Cannabis and Pets – Cannabis can be dangerous for your pet. Here’s how to prevent them from poisoning themselves with cannabis.
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If you live with a pet, there is a good chance that you consider him or her to be part of the family. We know that pets, dogs, cats, birds or rodents can have a beneficial effect on our health.
When cannabis was legalized in parts of the United States, there was a significant increase in visits to cannabis-related children’s hospitals and poison center calls. Pets are also vulnerable. Just like the humans in our family, they are prone to become sick.
Working as a researcher, veterinarian and social worker at the University of Saskatchewan, we are teaming up to try to prevent the situation from happening again on our side of the border in Canada.
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Dogs are attracted to cannabis
The most recent estimates and purchase data indicate that an appreciable amount of recreational cannabis has been purchased since its legalization in October 2018.
In addition to the illegal supply available, this increases the likelihood of intoxication of domestic animals with cannabis.
In addition, with the production and sale of edible cannabis planned for October 2019, the risk of exposure will be even greater.
Pets can also be exposed to medical cannabis.
At the University of Saskatchewan, we are studying the effectiveness of service dogs as psychiatric support for veterans suffering from post-traumatic stress disorder (PTSD).
Cannabis has been prescribed to a large percentage of the veterans we work with, and we know that dogs are attracted to the substance. Ensuring the safety of the animal is essential for both the dog and the veteran.
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Dogs are more sensitive to psychotropic effects
The duration of cannabis intoxication will depend on various factors, such as the amount consumed, the level of tetrahydrocannabinol (THC) concentration, and the size of the animal. Although it is relatively rare, in some cases the toxicity of cannabis can be fatal. This is particularly worrying for dogs because of their remarkable ability to locate interesting scents, and sometimes to ingest the source. We also know that dogs are more sensitive than humans to psychotropic effects altering the state of consciousness of THC.
Keeping tabs on the safety of cannabis with pets will protect all members of your family. Here is what you need to know.
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How to ensure the safety of your pets
Proper storage: Cannabis, cannabis products and accessories must all be safely stored out of the reach of pets.This includes by-products, such as butts, filters or liquid from water pipes. An empty container of 900 grams of coffee, with a secure lid, can do the trick.
Be aware of the signs and symptoms : This can be translated into animals by disordered movements, loss of balance, disorientation, hyperactivity, pupil dilation, squeaks, temperature changes and heart rate. drooling and the possibility of urinary incontinence.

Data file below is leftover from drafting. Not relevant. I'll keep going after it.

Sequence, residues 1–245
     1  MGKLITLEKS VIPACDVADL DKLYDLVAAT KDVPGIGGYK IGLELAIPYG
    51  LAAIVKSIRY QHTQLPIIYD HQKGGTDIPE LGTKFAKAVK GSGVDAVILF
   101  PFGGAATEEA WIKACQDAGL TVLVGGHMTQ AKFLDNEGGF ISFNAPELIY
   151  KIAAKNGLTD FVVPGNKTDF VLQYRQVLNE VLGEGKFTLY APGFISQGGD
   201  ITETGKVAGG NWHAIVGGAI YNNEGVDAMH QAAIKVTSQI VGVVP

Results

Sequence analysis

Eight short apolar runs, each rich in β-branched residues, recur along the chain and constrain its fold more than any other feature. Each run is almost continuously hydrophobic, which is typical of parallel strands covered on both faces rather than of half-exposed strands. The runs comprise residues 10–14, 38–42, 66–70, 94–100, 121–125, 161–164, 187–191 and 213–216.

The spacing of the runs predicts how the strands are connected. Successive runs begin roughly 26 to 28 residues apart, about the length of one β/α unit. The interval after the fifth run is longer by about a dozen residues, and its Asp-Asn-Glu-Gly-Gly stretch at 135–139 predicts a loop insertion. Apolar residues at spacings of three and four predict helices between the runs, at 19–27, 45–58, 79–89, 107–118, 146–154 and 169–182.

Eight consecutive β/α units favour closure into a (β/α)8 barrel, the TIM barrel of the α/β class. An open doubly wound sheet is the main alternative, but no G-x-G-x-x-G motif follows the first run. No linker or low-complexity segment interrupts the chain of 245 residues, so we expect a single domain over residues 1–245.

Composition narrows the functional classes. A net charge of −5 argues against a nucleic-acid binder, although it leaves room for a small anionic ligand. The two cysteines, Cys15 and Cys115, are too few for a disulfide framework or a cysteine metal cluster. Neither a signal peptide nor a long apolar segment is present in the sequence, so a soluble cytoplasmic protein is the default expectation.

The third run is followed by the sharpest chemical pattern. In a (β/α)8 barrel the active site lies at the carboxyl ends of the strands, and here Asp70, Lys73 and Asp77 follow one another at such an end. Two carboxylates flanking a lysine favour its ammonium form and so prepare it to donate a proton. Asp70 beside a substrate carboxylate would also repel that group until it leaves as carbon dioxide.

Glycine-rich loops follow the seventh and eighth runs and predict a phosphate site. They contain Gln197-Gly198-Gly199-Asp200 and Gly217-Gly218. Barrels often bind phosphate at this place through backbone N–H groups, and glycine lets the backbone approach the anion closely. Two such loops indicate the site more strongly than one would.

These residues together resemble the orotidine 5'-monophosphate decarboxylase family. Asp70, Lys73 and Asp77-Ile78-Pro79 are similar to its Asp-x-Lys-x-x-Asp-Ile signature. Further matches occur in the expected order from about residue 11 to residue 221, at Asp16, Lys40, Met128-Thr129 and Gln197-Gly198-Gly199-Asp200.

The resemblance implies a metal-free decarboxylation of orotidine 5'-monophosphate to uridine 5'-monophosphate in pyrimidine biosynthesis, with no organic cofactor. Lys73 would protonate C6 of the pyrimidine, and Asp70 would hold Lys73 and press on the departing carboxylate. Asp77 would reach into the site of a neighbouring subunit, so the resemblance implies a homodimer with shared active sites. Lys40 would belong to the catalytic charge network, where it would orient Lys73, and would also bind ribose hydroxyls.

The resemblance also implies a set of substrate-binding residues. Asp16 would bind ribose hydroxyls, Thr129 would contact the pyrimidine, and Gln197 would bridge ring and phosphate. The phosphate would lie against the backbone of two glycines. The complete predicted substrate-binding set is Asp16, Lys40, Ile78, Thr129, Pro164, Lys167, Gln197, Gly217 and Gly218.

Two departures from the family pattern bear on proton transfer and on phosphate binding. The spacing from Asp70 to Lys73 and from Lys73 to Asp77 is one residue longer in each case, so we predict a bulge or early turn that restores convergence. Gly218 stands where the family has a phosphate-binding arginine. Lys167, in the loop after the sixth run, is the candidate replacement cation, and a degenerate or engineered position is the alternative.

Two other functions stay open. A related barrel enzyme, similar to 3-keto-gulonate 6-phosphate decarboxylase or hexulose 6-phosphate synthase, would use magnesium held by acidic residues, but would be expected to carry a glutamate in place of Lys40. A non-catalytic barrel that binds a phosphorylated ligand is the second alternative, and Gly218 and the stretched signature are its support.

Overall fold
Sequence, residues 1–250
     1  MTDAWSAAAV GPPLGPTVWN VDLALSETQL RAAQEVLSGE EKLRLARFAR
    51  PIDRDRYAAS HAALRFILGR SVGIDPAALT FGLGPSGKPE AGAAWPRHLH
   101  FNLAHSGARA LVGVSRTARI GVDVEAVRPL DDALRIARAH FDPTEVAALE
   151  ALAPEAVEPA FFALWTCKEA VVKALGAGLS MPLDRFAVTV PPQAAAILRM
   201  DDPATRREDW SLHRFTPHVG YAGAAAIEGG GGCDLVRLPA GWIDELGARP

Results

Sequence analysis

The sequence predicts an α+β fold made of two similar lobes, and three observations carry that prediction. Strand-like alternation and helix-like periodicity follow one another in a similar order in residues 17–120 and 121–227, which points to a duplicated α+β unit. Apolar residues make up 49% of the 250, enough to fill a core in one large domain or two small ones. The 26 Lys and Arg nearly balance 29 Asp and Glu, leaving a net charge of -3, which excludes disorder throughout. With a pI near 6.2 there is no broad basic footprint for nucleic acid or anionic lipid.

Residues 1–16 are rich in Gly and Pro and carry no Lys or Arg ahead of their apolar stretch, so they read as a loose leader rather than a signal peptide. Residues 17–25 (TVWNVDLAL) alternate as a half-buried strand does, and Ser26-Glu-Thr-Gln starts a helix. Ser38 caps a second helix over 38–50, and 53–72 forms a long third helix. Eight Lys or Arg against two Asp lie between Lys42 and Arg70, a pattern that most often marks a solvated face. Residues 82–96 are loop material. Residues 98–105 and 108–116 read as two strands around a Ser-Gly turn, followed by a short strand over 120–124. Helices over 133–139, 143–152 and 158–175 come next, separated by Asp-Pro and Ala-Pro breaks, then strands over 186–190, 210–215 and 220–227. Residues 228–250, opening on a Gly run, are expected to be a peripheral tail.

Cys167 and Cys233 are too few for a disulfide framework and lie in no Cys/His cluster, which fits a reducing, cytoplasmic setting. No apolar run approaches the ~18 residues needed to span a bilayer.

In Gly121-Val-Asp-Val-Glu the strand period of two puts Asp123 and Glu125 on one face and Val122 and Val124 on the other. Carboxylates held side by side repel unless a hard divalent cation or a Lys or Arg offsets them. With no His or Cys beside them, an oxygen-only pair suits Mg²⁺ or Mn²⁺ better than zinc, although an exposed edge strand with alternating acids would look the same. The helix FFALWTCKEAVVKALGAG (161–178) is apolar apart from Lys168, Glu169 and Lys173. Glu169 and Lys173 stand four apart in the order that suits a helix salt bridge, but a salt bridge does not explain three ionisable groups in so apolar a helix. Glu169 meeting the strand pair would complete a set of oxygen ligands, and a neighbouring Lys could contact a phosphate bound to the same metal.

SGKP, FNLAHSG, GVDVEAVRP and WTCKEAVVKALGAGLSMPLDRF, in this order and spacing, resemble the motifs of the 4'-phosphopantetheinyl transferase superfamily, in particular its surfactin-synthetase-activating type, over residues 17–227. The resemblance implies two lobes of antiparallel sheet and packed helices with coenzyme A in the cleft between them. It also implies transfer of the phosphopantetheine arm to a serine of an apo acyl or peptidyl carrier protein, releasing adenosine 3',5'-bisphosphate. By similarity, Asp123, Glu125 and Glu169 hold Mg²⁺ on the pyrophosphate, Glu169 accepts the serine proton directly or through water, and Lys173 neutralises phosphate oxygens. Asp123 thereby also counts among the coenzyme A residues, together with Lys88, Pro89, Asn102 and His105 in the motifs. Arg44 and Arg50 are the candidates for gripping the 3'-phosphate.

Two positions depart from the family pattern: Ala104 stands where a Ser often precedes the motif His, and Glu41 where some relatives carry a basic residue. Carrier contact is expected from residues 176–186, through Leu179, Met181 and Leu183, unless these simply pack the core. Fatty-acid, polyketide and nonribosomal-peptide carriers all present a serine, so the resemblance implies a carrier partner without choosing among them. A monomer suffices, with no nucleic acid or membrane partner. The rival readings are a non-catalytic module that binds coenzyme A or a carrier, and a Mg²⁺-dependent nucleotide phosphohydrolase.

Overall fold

In severe cases, seizures, tremors and coma may follow. It is really important to tell your veterinarian if you think your pet has used cannabis. A quick diagnosis can save his life and save you money in veterinary fees.
Seek support as needed : If your pet shows signs of poisoning, it is important to provide immediate medical attention. Your veterinarian can help monitor and control his vital signs for his safety. A specific treatment program will be proposed by the attending veterinarian depending on the clinical condition of the patient.
Signs of poisoning may be immediate or occur hours after exposure and may be of short duration or continue for several days.
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Hemp is not approved for animals
Many people are unaware that recreational and medical cannabis products can be harmful to our pets.Because medical cannabis is prescribed, it is often believed that it consists primarily of non-psychotropic CBD (cannabidiol), but may contain high levels of THC. It is also common for medical cannabis products to take concentrated forms, such as oils, so that they are potentially more harmful if ingested by domestic animals.
Pets are increasingly exposed to hemp products – specifically as a cure for ailments such as pain or anxiety.Hemp has a very low THC content, less than 0.3 percent.
While there are many stories of people using it for their pet’s health care, it is important to know that there is little scientific evidence. The Canadian Veterinary Medical Association notes that the use of any type of cannabis is not approved for animals and may interact with other medications and have unknown side effects. There is a need for research in this area.
As with all loved ones in the family, it is essential to know the facts. This allows us to make informed choices and behave responsibly for the benefit of our pets.
Colleen Dell, Professor and Research Chair in One Health & Wellness, University of Saskatchewan; Erin Wasson, Clinical Associate, Veterinary Social Work, University of Saskatchewan et Kevin Cosford, Assistant Professor, Department of Small Animal Clinical Sciences, University of Saskatchewan